Einstein was such a brain! His thought experiments showed that time begins to slow down as the one moving increases her speed. This is called time dilation. As I work on my icons I have gone into a relativity vortex. This realization struck as I prepared my icons to be exhibited in a sacred art show.
With 95% of my icon completed, I began the final preparations. This included the varnishing, touching up, and addition of attribution information and hanging hardware on the back. Having spent about 100 hours painting the icon, I assumed these last “housekeeping” tasks would be a snap, maybe several hours at best. But as several hours led to several more, I realized I had made a critical error in judgment, and I tried to work more quickly in an effort to finish. As the hours increased, so did the amount of work yet unfinished. In touching up lines, I created new errors needing even more touching up. A deadline was rapidly approaching, yet it seemed I was no nearer to completion. Gilding repairs refused to approach completion. Frustration reigned supreme. I was not in the flow.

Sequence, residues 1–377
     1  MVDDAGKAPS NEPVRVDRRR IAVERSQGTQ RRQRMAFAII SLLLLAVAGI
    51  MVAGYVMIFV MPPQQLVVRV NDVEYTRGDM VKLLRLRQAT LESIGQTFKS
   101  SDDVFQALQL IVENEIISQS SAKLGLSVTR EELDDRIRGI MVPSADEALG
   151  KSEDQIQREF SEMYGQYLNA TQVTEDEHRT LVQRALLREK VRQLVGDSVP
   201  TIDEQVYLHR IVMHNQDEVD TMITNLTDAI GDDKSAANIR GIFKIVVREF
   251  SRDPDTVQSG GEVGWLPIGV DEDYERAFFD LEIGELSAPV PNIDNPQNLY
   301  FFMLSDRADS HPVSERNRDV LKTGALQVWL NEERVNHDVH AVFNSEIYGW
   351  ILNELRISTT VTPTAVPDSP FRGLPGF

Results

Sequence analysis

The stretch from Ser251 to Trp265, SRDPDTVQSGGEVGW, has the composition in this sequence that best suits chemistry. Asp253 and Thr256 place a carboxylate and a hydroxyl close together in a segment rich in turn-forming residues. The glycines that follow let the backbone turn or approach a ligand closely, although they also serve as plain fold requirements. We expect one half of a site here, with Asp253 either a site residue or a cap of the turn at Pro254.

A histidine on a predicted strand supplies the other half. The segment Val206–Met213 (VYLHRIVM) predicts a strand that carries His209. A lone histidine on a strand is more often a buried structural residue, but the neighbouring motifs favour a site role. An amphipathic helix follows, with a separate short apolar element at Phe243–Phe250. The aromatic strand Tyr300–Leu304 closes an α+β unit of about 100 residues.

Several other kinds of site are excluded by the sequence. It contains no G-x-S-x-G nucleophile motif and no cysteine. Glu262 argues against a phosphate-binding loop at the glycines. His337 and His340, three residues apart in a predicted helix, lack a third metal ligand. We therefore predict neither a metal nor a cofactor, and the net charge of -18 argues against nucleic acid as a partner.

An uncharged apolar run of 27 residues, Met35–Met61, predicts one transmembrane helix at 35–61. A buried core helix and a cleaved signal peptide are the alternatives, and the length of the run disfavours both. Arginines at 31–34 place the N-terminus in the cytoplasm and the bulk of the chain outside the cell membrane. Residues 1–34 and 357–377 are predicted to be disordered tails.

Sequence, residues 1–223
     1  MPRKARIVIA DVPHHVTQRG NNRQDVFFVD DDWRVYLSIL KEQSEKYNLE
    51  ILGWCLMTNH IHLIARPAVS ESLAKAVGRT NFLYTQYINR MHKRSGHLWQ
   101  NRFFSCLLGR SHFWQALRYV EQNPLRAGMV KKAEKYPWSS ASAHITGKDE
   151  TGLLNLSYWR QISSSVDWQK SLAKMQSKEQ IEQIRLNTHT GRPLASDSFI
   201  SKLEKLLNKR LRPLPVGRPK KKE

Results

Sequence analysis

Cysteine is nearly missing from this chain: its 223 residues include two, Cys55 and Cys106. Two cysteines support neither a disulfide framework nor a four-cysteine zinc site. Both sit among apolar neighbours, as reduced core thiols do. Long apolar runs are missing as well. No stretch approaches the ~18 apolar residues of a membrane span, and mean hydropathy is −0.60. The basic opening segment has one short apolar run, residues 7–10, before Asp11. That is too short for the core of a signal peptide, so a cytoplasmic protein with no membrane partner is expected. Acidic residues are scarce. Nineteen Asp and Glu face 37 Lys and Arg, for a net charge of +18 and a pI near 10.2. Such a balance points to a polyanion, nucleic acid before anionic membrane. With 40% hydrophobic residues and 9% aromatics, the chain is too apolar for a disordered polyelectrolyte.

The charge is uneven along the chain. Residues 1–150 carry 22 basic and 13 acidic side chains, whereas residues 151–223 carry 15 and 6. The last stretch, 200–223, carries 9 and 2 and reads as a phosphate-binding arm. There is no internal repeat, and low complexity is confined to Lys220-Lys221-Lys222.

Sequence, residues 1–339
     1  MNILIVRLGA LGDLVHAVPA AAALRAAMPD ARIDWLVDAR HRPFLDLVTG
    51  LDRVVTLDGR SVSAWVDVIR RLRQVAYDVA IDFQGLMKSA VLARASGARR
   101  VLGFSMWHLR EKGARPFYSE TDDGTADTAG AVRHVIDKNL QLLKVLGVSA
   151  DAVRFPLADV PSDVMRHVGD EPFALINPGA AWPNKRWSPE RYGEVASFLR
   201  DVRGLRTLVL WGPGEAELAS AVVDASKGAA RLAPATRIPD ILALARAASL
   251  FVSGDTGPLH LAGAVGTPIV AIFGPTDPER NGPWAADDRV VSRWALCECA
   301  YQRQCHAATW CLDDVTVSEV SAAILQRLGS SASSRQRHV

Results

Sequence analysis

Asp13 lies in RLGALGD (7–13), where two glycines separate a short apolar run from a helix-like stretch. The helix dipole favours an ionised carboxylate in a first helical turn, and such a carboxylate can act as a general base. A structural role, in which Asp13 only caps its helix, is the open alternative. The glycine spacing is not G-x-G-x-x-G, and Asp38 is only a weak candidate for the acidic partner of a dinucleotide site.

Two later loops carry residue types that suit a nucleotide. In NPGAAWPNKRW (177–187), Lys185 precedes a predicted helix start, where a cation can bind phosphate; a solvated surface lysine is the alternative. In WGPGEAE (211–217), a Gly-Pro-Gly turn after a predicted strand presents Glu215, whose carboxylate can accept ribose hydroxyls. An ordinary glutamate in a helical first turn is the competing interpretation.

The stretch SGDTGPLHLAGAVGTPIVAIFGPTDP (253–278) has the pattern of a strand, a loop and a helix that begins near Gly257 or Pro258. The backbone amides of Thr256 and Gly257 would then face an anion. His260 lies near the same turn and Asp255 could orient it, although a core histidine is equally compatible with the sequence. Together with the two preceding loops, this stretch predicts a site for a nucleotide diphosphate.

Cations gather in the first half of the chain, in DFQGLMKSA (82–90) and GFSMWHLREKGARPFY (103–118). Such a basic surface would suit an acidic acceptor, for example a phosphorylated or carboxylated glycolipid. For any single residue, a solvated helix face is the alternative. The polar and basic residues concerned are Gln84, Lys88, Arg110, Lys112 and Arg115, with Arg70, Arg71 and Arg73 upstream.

Up until recently, I had not concerned myself with the business of art. Dilettante that I was, I believed the art and craft of the icon painting was paramount. But slowly the idea and value of sharing my work began to coalesce in my mind. And with it came a new list of tasks to make it so. Instead of hastily attempting these final tasks, I needed to approach them as part of the process. I needed to S..L..O..W down. As I began to do this, the rate of creating new errors also slowed, time sped up — these vectors all finally converging on a zero point that had thus-far eluded me.
Who knew ? — the laws of physics had something to teach me about the art of iconography.